Stronghold Digital Mining (SDM), a cryptocurrency mining company based in the state of Pennsylvania, has found a creative way to mine Bitcoin (BTC). According to a Reuters report, SDU uses waste coal to power its machines.
The unconventional method is seen at first as a pollutant, but this is not the case. In fact, using coal waste saves the company from overloading the US national power grid. And far from being polluting, the measure actually helps to reduce pollution in the state.
Method removes polluting waste
The method is not only unconventional, but also innovative. SDM collects waste from a mine close to the company’s headquarters. After being processed, the by-product goes to a boiler building, where it is burned.
Then, the burning of the waste generates energy, which is used to generate the electricity needed for mining BTC. The report does not provide data on the amount of energy generated in the process, nor if it is sufficient to supply SDM’s operations.
If not isolated, coal waste could go underground and pollute local groundwater. These ash also contain heavy metals, which are considered carcinogenic, meaning they cause cancer.
In this way, the SDM initiative prevents certain amounts of waste from being thrown outdoors. Burning this product for BTC mining also does not throw pollutants into the atmosphere. In other words, BTC mining actually contributes to reducing local pollution.
Greg Bard, Executive Director of SDM, said the project combines the best of both worlds. In addition to removing pollutants from the soil, water and air, it creates a cheap and efficient source of energy.
“The Bitcoin mining network itself is the largest decentralized computer network in the world. It is also energy intensive, so mining Bitcoin and a power plant makes a lot of sense,” he said.
Finally, the cleaning method contributes to improving the image of the state of Pennsylvania, which is often associated with accidents with coal mines. The most famous of these is the one in the city of Centralia, which took place in the 1960s, which resulted in the complete fire of an underground mine.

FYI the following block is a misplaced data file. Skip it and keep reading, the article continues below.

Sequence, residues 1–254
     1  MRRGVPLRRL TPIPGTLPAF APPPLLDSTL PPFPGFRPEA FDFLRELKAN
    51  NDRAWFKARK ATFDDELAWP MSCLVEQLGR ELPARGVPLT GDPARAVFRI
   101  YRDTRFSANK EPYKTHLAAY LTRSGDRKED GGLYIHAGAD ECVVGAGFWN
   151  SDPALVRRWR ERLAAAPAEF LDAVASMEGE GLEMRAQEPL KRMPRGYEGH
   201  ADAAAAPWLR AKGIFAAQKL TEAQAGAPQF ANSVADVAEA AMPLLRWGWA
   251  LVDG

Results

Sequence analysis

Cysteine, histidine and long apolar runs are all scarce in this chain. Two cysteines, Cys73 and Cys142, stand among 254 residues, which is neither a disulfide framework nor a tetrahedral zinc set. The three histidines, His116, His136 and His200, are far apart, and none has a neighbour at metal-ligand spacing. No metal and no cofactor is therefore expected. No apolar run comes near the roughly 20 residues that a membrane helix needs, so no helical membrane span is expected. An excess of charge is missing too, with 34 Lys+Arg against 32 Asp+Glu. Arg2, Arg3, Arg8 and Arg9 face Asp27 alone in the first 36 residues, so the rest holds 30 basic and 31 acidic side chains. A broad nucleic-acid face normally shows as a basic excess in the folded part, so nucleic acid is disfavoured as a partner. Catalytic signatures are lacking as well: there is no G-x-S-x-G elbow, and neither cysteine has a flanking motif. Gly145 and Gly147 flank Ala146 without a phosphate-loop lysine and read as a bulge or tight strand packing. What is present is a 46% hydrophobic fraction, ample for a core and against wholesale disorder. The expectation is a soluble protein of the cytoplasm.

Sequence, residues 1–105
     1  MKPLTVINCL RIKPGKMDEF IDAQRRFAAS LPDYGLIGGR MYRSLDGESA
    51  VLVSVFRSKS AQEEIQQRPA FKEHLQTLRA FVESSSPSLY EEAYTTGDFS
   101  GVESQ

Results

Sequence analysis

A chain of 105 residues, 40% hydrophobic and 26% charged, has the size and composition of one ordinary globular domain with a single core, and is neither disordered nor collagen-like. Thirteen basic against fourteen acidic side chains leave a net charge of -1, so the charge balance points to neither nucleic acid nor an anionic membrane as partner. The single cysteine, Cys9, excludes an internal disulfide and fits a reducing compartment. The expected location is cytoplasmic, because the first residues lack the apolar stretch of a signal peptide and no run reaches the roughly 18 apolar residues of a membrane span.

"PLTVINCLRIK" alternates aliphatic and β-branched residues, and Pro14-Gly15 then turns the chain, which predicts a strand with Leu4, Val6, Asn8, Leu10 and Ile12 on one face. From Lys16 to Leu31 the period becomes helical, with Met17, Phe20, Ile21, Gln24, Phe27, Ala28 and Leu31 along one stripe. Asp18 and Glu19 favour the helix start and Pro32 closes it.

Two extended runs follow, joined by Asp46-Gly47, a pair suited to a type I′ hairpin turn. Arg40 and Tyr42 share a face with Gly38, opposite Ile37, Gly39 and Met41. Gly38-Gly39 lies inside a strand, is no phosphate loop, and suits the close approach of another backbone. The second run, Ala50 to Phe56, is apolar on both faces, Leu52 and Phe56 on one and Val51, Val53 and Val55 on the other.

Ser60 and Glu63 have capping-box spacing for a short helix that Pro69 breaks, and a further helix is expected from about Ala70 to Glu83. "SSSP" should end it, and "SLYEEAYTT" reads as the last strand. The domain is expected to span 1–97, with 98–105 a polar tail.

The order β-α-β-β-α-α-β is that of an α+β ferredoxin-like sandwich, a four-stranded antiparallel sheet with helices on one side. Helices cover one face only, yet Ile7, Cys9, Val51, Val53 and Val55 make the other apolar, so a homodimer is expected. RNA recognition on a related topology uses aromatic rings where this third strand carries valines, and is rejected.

As a result, Centralia had to be evacuated completely and is now a ghost town. The coal below the place burns to this day, emitting extremely toxic gases.
Canada reuses mining energy
Further north in Pennsylvania, Canada is also looking to leverage BTC mining in other areas. The city of North Vancouver has partnered with mining company Mintgreen to open up BTC mining in the region in October 2021.
In return, the energy created by the heat of the ASIC machines will be redirected to residential buildings, feeding the internal heating. The method was dubbed “digital boilers” by Mintgreen.
In addition to providing cheap heating, digital boilers are less polluting than natural gas. In this sense, they can prevent the emission of 20 thousand tons of greenhouse gases (GHG) more than heating with natural gas.
According to the CEO of the city’s electric company (LEC) Karsten Veng, the partnership could be beneficial for the migration of North Vancouver towards the use of green energy.
“Partnering with Mintgreen on this project is very exciting for the LEC as it is an innovative and cost-effective project. It reinforces the LEC’s journey to support the city’s ambitious greenhouse gas reduction goals.”
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